So it was a little bit crazy, and we were nervous the whole time that everything would fall through, but it didn’t.  It worked out.  And you know what?  I feel pretty good about the decision we made to take a risk.  It seems like every report I hear or read on Denver housing and real estate says that gentrification is a huge problem, and the rising costs of housing are pushing out families that have lived here for generations.  So it feels good to be part of the solution, rather than the problem.  We’re providing housing to good tenants who deserve to be able to live and work in the town where they grew up.  And as independent providers of Section 8 housing, we’re offering a nice, newly remodeled single family home in a mixed-income neighborhood, rather than an apartment in a building designated for public housing.  I’ve taught many students who have lived in “projects” like those, and I think most of them would agree that these were not nice or safe places to live.  It was a learning process for us, but I’m glad we had the experience.  If you’re curious and would like to learn more, here’s a link.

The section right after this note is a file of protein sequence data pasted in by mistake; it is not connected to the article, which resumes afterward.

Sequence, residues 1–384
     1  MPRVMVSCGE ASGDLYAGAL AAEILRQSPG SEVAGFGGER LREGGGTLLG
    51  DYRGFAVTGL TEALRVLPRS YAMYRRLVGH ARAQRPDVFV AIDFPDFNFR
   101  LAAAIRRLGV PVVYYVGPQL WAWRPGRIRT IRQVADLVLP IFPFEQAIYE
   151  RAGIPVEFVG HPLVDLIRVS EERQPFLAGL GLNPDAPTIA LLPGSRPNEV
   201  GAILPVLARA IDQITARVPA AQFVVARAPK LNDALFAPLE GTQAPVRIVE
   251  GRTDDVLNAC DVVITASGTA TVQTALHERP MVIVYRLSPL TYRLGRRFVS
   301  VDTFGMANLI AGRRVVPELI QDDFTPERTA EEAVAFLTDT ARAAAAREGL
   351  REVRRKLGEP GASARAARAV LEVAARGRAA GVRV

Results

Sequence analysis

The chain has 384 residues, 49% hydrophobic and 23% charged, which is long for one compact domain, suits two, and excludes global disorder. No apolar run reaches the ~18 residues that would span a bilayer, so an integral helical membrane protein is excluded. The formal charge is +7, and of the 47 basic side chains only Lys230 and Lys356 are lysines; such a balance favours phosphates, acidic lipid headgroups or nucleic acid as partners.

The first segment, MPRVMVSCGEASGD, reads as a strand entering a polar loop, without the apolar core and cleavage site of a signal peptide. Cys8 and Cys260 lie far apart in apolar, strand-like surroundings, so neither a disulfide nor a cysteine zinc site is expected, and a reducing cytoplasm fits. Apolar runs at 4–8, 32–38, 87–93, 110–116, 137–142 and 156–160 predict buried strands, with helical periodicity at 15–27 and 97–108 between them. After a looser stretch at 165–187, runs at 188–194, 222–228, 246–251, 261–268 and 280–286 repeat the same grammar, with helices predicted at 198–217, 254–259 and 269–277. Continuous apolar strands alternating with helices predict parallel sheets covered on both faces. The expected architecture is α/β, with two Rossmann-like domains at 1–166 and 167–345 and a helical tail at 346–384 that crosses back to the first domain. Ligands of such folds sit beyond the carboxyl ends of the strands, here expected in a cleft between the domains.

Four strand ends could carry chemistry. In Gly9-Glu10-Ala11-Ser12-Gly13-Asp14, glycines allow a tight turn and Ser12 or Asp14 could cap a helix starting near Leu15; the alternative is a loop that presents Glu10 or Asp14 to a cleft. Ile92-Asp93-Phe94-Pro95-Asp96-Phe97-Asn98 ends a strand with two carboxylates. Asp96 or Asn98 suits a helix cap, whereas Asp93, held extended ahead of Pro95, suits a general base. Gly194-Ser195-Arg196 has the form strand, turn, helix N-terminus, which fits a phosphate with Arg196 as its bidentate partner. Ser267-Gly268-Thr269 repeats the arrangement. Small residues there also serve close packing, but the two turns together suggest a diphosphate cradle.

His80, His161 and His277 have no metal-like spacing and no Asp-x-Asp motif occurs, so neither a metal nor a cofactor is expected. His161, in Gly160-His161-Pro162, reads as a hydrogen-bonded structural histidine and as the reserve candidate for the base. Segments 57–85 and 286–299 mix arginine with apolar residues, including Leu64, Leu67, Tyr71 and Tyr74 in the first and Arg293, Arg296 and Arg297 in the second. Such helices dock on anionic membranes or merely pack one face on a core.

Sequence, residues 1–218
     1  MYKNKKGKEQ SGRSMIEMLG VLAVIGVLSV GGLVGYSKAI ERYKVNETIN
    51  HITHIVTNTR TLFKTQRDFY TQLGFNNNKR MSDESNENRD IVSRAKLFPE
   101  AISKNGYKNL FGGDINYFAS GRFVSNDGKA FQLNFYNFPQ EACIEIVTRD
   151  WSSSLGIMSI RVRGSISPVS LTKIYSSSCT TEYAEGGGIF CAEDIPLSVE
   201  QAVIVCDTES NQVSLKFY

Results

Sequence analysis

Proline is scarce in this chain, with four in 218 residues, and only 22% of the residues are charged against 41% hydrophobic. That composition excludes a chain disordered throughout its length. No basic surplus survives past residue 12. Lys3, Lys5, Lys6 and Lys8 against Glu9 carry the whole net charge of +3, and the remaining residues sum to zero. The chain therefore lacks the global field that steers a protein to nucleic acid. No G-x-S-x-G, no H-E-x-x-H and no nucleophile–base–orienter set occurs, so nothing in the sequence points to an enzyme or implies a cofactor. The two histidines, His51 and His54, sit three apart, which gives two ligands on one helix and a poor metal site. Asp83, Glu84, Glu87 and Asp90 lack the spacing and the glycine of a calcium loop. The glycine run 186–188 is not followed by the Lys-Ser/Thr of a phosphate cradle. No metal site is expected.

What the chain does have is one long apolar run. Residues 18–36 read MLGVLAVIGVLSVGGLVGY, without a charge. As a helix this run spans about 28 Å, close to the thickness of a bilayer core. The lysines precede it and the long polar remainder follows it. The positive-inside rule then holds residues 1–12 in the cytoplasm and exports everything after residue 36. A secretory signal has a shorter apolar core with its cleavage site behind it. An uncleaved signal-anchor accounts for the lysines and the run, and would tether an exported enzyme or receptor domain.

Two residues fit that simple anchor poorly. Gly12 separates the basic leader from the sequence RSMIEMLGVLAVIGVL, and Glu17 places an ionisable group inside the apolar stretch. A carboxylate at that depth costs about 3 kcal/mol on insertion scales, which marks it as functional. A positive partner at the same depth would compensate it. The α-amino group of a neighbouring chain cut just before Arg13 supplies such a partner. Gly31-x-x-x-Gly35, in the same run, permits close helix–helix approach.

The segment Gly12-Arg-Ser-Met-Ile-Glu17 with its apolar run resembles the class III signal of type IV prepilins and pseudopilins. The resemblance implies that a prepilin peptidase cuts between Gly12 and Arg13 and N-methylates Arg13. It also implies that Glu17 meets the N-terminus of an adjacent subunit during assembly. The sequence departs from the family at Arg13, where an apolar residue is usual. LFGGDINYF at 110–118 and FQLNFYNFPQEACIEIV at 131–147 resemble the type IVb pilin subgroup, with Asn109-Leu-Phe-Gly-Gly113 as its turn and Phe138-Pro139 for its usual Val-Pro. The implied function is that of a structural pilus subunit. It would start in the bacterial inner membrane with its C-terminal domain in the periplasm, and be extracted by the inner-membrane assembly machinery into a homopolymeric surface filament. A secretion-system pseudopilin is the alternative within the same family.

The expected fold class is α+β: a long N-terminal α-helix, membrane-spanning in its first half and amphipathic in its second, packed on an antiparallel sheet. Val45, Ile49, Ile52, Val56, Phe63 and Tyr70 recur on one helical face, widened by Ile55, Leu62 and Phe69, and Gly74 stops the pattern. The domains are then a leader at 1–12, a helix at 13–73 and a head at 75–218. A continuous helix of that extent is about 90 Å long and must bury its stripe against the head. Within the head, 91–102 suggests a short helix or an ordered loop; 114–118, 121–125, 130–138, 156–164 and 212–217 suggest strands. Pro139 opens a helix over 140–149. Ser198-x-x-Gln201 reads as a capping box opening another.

What else, you ask?  Well, we took a quick 7 hour drive up to the Black Hills to see our friends, the Devanes, for a weekend in between submitting the RFTA and scheduling an inspection.  So that was both wonderful and a little terrifying to still have everything in limbo.  Once we got back and managed to finally rent the house, we breathed a sigh of relief.  Or rather, I did.  Joshua returned to work and felt overwhelmed by a growing list of things to do at school, so he worked late a few nights that week to catch up.